• 5. Using this scheme, the message III may only be recovered by the terminal (note the terminal's public key is used in step III therefore requiring the terminal's private key to verify and recover contents). By demonstrating to the card that the random string (R2) was obtained from the message, the terminal can be authenticated to the card.
Patent Citations
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Non-Patent Citations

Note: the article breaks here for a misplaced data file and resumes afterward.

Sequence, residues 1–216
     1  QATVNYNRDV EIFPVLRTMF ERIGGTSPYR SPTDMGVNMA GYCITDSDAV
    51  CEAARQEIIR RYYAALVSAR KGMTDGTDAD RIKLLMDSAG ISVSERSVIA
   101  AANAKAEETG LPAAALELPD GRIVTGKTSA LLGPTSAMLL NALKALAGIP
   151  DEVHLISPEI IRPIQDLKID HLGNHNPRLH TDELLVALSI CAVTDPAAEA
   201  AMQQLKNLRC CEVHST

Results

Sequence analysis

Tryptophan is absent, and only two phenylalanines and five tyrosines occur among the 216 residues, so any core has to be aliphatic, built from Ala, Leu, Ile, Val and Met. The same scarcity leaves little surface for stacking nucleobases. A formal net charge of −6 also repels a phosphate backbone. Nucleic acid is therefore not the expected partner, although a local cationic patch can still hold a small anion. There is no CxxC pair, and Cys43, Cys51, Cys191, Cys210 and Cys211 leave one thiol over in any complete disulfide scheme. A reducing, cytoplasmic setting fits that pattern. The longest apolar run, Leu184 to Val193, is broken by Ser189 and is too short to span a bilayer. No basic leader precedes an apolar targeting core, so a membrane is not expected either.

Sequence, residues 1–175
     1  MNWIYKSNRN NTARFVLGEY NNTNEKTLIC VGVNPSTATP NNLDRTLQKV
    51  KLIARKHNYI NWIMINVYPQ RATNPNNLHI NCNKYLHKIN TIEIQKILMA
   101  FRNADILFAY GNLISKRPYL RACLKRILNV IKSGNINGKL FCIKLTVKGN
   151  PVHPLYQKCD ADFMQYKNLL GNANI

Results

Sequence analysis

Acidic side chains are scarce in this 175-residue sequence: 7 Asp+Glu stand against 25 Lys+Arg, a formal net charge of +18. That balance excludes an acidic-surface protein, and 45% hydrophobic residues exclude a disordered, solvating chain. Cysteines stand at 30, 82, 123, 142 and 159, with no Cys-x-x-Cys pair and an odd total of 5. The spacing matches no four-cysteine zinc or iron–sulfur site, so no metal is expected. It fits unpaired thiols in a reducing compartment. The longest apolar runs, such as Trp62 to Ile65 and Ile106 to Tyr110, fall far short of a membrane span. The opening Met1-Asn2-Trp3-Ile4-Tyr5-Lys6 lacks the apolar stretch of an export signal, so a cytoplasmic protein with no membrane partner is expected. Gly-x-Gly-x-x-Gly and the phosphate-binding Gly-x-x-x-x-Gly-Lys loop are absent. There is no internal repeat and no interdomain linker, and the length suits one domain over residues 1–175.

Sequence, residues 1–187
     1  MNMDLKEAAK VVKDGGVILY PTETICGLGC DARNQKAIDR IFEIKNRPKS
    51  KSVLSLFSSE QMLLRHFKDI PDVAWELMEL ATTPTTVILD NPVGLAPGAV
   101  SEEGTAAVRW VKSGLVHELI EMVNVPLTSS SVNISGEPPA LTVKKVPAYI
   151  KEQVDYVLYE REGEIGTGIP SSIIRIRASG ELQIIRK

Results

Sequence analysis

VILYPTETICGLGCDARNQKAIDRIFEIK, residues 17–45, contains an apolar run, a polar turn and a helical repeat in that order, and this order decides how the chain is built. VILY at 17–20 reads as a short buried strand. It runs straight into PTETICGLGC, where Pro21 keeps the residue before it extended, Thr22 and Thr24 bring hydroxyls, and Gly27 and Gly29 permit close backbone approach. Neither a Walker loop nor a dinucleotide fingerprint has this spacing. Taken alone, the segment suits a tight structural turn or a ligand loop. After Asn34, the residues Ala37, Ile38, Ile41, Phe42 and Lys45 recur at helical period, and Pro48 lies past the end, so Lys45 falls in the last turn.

Reference
1 *Definition of Smart Card, http://en.wikipedia.org/wiki/Smart<SUB>-</SUB>card, accessed on Aug. 31,2006.
Classifications
U.S. Classification713/159, 705/65
International ClassificationG06Q40/00, G06Q20/40, G06Q20/34, G06Q20/36, H04L9/00, G07F7/10
Cooperative ClassificationG06Q40/00, G07F7/1008, G06Q20/40975, G06Q20/367, G06Q20/341
European ClassificationG06Q20/367, G06Q20/40975, G06Q20/341, G06Q40/00, G07F7/10D
Legal Events
DateCodeEventDescription
Sep 7, 2012ASAssignment
Effective date: 19970530
Free format text: ASSIGNMENT OF ASSIGNORS INTEREST;ASSIGNOR:VANSTONE, SCOTT A.;REEL/FRAME:028940/0155
Owner name: CERTICOM CORP., CANADA
Jul 6, 2011FPAYFee payment
Year of fee payment: 4